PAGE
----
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Companies urged to foot social costs
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Developing nations have remained manufacturing hubs for developed countries for more than three decades. But people in these fast-growing developing countries continue to suffer from environmental woes, lack of resources and low pay.

Should the foreign enterprises, which contract out manufacturing jobs to the developing Asian nations, fulfill their Corporate Social Responsibility (CSR) across borders?

This question seemed unpopular at a panel discussion of Boao Forum for Asia. Entrepreneurs and CSR researchers remained silent when a member of the audience posed the query.

Xiang Feng, public affairs director of UPS China, who raised the question, later told China Daily his concerns.

"It's an important factor when defining the boundaries of CSR," Xiang said.

He said when politicians, businessmen and opinion leaders sit together to discuss the CSR issue was unavoidable and foreign enterprises must extend their own local social responsibilities to other countries.

He said companies in developed countries today have to shoulder the same responsibilities as their host nations.

Broadening globalization will force companies in developing countries, such as China and India, to take their responsibilities tomorrow.

"That is an important component to make the world peaceful and harmonious," said Xiang.

At the weekend discussion, the panelists, such as New Hope Group chairman Liu Yonghao and Tata Sons Ltd executive director Alan Rosling, did not address the issue.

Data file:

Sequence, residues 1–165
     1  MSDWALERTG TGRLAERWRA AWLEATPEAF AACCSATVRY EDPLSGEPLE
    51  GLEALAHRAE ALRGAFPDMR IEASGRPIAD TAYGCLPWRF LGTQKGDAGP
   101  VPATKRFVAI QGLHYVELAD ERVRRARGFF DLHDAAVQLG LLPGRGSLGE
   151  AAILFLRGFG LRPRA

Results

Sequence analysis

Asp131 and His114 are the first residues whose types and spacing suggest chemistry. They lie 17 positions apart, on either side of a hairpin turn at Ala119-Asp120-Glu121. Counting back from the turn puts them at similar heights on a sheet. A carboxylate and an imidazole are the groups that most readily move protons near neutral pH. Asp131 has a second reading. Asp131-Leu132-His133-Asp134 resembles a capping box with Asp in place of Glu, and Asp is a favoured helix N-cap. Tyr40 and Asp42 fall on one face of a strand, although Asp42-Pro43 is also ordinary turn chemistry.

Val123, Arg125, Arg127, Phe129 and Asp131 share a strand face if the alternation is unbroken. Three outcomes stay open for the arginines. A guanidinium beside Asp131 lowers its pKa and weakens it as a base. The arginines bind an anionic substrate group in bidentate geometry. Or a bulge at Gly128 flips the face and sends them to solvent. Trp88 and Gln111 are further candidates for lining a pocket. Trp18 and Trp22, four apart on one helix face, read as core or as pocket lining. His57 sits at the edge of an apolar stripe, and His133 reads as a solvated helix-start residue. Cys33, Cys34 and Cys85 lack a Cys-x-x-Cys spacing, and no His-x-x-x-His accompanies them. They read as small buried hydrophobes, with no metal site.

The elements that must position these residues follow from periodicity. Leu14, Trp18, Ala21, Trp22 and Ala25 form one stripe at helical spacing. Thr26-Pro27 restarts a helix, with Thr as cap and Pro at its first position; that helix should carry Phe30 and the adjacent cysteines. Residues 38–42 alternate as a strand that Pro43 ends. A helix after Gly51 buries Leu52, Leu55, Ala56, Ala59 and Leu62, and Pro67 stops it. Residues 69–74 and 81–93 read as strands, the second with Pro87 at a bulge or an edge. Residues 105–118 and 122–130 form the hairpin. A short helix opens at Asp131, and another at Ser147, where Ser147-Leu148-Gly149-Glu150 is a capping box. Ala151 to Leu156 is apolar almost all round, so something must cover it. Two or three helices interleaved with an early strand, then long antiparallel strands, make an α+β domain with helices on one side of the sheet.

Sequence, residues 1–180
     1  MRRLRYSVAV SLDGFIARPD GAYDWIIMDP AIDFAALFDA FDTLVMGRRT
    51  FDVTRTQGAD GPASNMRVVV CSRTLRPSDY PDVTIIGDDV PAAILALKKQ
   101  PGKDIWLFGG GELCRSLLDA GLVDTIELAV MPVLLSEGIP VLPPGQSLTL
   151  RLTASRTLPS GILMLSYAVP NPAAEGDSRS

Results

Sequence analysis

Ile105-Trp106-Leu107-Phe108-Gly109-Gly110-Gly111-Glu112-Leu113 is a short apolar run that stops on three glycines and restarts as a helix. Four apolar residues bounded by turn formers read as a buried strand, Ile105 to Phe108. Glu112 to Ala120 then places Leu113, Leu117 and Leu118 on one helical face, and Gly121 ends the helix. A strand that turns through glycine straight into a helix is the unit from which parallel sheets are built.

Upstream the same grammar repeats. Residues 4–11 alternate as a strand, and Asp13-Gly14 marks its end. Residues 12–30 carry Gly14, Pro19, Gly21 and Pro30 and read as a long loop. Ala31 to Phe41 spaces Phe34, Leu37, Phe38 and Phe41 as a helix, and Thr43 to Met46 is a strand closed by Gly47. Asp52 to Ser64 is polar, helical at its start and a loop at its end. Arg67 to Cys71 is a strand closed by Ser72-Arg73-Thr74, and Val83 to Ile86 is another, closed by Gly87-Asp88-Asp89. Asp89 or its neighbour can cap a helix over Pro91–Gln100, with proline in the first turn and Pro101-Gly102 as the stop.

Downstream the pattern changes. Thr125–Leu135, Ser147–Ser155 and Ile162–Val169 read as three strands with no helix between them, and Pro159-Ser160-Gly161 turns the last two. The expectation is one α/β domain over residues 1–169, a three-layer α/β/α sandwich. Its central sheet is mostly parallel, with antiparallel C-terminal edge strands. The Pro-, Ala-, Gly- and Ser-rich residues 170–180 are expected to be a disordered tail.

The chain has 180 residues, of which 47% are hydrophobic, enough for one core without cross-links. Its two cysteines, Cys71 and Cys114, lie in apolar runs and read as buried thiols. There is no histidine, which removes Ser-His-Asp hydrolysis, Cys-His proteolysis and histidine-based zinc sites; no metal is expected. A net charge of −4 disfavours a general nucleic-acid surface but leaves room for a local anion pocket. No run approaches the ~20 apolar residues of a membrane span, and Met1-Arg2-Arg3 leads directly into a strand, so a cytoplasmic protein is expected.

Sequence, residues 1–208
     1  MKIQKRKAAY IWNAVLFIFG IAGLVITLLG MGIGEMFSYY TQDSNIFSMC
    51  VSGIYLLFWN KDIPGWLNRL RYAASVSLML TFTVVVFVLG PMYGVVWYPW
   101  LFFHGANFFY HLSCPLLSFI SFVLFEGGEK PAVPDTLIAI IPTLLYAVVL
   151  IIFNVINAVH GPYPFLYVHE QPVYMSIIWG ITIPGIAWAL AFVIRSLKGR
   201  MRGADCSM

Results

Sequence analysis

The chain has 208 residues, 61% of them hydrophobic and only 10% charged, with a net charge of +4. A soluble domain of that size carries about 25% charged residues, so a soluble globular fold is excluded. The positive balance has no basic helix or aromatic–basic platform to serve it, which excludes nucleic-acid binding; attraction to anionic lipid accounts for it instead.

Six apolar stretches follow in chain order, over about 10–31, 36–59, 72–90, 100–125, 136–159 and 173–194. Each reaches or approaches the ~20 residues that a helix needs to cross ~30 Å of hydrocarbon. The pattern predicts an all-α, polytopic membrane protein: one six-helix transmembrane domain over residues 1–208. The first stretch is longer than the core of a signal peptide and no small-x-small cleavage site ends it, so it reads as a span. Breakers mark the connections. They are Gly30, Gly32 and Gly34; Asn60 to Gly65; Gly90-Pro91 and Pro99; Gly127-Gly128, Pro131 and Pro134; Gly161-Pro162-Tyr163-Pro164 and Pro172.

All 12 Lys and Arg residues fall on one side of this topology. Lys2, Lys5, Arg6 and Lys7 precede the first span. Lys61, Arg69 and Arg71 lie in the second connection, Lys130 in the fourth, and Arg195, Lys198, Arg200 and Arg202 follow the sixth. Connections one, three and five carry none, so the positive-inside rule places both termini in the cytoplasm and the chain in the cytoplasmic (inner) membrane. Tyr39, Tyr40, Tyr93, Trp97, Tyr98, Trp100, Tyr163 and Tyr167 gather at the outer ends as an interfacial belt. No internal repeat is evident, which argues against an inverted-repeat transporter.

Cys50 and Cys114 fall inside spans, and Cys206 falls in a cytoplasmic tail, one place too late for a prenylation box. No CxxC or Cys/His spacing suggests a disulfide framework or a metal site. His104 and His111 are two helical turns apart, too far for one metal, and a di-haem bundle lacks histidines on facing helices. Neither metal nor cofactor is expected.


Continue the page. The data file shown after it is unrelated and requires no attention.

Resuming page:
Instead, they said they were willing to act in a practical manner according to local conditions.

Socially responsible investment, branding and even marketing were high on their list of social responsibilities.

Liu said "honestly fulfilling the content in the contracts" was part of a company's social responsibility.

"We should not make farmers lose," Liu vowed, adding that his company had subsidized farmers when the meat prices were low.

Some panelists pointed out that, in the Internet era, companies are faced with challenges of information transparency.

Even when they don't release information, stakeholders can use the Internet to publicize all their activities, good deeds and wrongdoings.

Yang Wenjun, president of the Inner Mongolia Mengniu Dairy Group, said his company had offered free milk for 1,000 rural schools in poorer counties.

However, some said this kind of charity activity was related to branding and marketing and not about charitable deeds.

But Peng Xiancheng, president of Sichuan-based chemical company Decision, strongly believes that "charity should be the most important part of CSR".

According to Asian culture, one does not want gratitude or fame by doing charitable deeds, Peng said. He said that many companies were obsessed with publicity when fulfilling their responsibilities.

"For some, the donation ceremony even costs more than their donation. I cannot accept that," he said.

(China Daily April 14, 2008)

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